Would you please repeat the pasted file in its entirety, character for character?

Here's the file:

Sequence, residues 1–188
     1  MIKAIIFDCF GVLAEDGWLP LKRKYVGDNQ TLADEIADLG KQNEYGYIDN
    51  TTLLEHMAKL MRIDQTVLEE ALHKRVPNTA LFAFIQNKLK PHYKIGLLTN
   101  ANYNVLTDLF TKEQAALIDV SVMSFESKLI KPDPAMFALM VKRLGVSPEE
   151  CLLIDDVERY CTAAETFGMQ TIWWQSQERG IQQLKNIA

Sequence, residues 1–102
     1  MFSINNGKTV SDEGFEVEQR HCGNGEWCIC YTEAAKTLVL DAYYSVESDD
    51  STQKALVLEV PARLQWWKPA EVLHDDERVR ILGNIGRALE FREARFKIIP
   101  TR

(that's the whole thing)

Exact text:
Sequence, residues 1–188
     1  MIKAIIFDCF GVLAEDGWLP LKRKYVGDNQ TLADEIADLG KQNEYGYIDN
    51  TTLLEHMAKL MRIDQTVLEE ALHKRVPNTA LFAFIQNKLK PHYKIGLLTN
   101  ANYNVLTDLF TKEQAALIDV SVMSFESKLI KPDPAMFALM VKRLGVSPEE
   151  CLLIDDVERY CTAAETFGMQ TIWWQSQERG IQQLKNIA

Sequence, residues 1–102
     1  MFSINNGKTV SDEGFEVEQR HCGNGEWCIC YTEAAKTLVL DAYYSVESDD
    51  STQKALVLEV PARLQWWKPA EVLHDDERVR ILGNIGRALE FREARFKIIP
   101  TR